7. YALE: Started a Tumblr blog to create, preserve and disseminate knowledge through infographics, online Q&A’s and educational content. They used social analytics to improve content strategy, determine the best time to post and identify influencers who are sharing their Tumblr posts. The Tumblr campaign increased followers by +142% and achieved more than 1,200 notes with two posts.

Do these case studies prove the value of social media analytics to you? Does your company need help understanding and establishing a framework for social media analytics?

10 studies show writing helps health and well-being 0

Posted on September 27, 2014 by Rob Petersen




This is my 239th blogpost. That may be more than some, but not as many as other bloggers I know.

Like others, this blog began as an outlet for expression. I was starting a business. Like others who have followed this path, I said if not now, when. Only the when was in the midst of the worst recession since the great depression. This blog became a way of coping and putting values and beliefs out there when not much was coming in.

Writing helped me through hard times. Circumstances improved. Today, this blog is one of our most valuable assets for a full service digital (digital, social, mobile) consultancy and agency that build brands using proven relationship principles and ROI.

Research shows I’m not alone. How? Here are 10 studies that show writing helps health and well-being.

  1. PUTS YOU IN TOUCH WITH YOURSELF: Scientific evidence supports that journaling provides unexpected benefits. The act of writing accesses your left brain, which is analytical and rational. While your left brain is occupied, your right brain is free to create, intuit and feel. In sum, writing removes mental blocks and allows you to use all of your brainpower to better understand yourself, others and the world around you. – PyschCentral
  2. MAKES YOU MORE OPTIMISTIC: People in a study who expressed gratitude in writing once a week for two months were more optimistic about life (and, interestingly, exercised more), compared with people who didn’t. – Harvard Business Review
  3. REDUCES STRESS, AIDS IMMUNITY: Writing about difficult, even traumatic, experiences appears to be good for health on several levels – raising immunity and other health measures and improving life functioning. – American Psychological Association
  4. SPEEDS HEALING: Writing down your thoughts and feelings after a traumatic event can actually make physical wounds heal faster, according to a study from New Zealand researchers. – Scientific America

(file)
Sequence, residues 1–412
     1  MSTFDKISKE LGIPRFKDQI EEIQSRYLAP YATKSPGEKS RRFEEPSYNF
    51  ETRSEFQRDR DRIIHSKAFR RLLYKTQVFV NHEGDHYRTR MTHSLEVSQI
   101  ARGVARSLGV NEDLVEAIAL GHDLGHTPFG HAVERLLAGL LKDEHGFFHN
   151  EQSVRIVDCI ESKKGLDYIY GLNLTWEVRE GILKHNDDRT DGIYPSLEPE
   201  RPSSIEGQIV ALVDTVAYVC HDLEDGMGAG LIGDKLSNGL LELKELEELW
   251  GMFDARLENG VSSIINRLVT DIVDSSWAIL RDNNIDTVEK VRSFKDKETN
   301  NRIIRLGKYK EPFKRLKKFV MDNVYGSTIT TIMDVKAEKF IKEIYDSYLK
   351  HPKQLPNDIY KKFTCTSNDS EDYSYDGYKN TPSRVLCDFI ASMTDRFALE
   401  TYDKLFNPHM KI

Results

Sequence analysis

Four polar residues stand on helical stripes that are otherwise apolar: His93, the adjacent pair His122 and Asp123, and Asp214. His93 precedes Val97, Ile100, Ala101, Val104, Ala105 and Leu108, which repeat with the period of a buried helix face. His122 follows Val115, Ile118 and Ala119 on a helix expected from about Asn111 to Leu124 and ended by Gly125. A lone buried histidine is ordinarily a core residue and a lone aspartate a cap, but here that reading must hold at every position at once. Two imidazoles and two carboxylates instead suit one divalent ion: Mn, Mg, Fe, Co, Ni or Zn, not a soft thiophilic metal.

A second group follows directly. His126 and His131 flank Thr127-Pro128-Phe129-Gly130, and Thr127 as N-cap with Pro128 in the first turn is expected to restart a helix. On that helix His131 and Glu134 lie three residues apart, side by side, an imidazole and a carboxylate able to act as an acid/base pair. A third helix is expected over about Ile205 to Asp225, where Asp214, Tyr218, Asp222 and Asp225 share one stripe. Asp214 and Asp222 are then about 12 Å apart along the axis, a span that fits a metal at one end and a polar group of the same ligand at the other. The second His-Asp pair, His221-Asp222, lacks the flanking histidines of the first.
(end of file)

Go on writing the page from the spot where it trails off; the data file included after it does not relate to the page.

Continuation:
5. INCREASES RESILIENCE: Studies show that writing during difficult times may help you find meaning in life’s challenges and become more resilient in the face of obstacles. – University of Minnesota
  6. HELPS YOU SLEEP BETTER: Spending just 15 minutes a night writing down what you’re thankful for could do wonders for your sleep, according to an Applied Psychology: Health and Well-Being study. Researchers found that study participants who wrote down a list of things they were grateful for before bed experienced longer, and better, sleep. – Psychology Today
  7. DECREASES ILLNESS: In one study, five months after writing, a significant interaction emerged such that writing about trauma, one’s best possible self, or both were associated with decreased illness compared with controls. – Southern Methodist University
  8. REDUCES DEPENDENCE ON DRUGS AND DOCTORS: In a study of college students, one group wrote about personally traumatic life events for 15 minutes on four consecutive days. The other group of students wrote about trivial topics. Compared to those who wrote about trivia, the students who wrote about traumatic experiences used fewer pain relievers over the next six months. They also visited the campus health center less often. – Aetna
  9. HELPS CANCER PATIENTS THINK DIFFERENTLY ABOUT THEIR DISEASE: A study showed that expressive writing could help cancer patients not only think about their disease in a different way, but also improve their quality of life. – The Oncologist
  10. IMPROVES OVERALL HEALTH AND WELL-BEING: Participants who wrote about their deepest thoughts and feelings reported significant benefits in both objectively assessed and self-reported physical health 4 months later, with less frequent visits to health centers and a trend towards fewer days out of role owing to illness. – Pennebaker Study